In the workshops of 24 Faubourg Saint-Honoré, a small group of 7 artisans work every day. And each of their talents is compiled to lead to the making of exemplary saddles – shaping in turn the sashes, olives, troussequins, or faux-quarters, all cut from the wonderful leathers of the house of Hermès.

“At the beginning we learned to work with tools, then after we have the right to dream, we have the right to reinvent, to transform” – Laurent Goblet initiated the Talaris saddle in 2010.

The Saddles From the Hermès Catalog

In the Hermès catalog, there are around ten saddles. Three for the obstacle: the Cavale, Allegro and Steinkraus saddles. A mixed saddle named Oxer; another outdoor, the Senlis. One cross saddle, another polo saddle. And two more for training the Corlandus and the Arpège saddle. And the Talaris.

When other luxury houses base their success on marketing, Hermès prefers to cultivate excellence – and it is in a product as efficient as the saddle that we read this quest.

In 2010, Laurent Goblet imagined the Talaris saddle. “This skeleton of wood and steel prevented any evolution. We looked at how to take advantage of the new materials to offer a saddle offering better sensations to the rider and the horse,” he explains.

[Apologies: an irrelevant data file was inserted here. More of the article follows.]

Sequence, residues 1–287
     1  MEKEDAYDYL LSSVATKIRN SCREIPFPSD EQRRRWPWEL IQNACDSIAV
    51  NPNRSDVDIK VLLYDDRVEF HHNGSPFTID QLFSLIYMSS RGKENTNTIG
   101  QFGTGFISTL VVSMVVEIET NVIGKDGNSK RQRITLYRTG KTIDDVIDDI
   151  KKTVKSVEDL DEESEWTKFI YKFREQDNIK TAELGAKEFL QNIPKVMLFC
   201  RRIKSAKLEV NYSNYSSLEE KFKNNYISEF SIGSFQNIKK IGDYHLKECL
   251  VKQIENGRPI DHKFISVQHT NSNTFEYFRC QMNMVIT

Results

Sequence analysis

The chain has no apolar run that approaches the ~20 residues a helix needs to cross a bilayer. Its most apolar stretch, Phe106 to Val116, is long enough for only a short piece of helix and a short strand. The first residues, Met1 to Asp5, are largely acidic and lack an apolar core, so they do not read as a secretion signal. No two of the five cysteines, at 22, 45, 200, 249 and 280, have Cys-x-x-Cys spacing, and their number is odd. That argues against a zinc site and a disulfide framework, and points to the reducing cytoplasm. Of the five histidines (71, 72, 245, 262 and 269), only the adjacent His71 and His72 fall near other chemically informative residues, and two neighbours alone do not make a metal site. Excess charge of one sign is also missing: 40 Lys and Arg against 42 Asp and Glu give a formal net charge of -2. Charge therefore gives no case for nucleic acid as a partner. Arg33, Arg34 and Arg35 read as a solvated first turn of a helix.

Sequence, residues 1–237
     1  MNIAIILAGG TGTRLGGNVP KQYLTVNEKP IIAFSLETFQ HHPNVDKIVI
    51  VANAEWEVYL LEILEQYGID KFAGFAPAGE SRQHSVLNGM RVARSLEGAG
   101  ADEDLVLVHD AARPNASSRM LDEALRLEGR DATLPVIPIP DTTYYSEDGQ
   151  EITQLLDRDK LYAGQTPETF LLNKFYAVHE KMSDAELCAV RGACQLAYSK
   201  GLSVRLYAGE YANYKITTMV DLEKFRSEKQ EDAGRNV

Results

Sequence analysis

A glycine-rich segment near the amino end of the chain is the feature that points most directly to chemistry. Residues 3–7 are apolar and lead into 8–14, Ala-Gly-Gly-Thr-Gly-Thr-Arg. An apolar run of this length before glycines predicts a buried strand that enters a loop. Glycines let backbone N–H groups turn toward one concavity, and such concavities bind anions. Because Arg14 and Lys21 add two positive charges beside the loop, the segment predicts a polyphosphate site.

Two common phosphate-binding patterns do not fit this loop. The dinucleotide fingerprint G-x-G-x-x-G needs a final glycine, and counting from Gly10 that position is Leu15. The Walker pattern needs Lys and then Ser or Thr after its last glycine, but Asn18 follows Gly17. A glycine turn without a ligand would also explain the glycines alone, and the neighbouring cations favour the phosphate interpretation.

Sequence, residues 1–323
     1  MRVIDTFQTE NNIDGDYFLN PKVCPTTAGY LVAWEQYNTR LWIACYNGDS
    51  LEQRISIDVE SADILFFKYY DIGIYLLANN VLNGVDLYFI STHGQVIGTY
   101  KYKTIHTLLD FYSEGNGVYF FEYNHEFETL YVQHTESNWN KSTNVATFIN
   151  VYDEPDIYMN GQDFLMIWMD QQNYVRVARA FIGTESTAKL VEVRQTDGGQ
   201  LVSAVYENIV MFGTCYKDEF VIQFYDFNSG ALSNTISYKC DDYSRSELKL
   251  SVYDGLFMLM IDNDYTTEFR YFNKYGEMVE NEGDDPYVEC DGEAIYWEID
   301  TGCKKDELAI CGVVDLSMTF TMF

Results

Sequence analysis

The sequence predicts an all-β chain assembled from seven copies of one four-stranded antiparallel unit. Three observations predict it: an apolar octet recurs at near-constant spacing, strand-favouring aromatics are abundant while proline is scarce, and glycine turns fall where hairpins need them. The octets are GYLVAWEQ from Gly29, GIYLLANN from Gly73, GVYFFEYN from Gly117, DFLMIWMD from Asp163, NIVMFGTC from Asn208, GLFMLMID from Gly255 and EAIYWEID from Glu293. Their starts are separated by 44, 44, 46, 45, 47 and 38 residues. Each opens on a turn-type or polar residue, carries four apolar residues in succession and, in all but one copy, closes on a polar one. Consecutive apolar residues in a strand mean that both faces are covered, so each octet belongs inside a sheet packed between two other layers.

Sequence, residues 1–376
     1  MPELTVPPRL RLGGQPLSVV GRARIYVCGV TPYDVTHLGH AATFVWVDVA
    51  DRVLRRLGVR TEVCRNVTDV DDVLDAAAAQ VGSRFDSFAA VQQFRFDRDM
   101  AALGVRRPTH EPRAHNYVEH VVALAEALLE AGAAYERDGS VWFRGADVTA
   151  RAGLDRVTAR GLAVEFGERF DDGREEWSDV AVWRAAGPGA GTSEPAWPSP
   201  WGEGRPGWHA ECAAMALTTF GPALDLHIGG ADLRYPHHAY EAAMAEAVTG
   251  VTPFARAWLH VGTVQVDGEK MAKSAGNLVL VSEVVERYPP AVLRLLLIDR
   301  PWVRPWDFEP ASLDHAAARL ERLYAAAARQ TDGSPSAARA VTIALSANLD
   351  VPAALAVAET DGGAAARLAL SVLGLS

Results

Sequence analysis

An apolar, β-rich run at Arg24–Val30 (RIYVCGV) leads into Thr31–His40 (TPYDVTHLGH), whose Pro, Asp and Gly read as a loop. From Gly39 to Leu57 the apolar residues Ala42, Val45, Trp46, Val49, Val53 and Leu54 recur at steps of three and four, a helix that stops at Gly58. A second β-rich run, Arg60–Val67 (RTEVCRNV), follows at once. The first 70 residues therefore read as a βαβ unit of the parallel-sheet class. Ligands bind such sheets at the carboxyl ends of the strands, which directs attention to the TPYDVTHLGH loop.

Rigid but flexible, solid but fine, the Talaris offers the ideal lightness for the obstacle. Designed around a carbon and titanium tree, its seamless seat and injected foam panels allow an excellent distribution of the effort on the horse’s back.

In 2013, the Hermès Cavale saddle emerged. The stools follow each other and are not alike.

The Steinkraus saddle, flat and designed for balancing, is intended for show jumping and hunter riders. Designed for sporty, sober and natural riding.

The Oxer is a sporty saddle. Designed for riders who practice several disciplines with one dominant obstacle, it is cut around one of a semi-hollow tree – to instantly regain balance.

Developed with Margit Otto-Crépin, dressage champion, the Corlandus saddle is dedicated to the practice of high level dressage. It offers the rider to accurately perceive the attitudes of the horse.

All these saddles are obviously stamped with the discreet luxury and beauty given by Hermès pieces. They are in themselves true works of art which, although designed to be functional, they carry the art of harnessing high.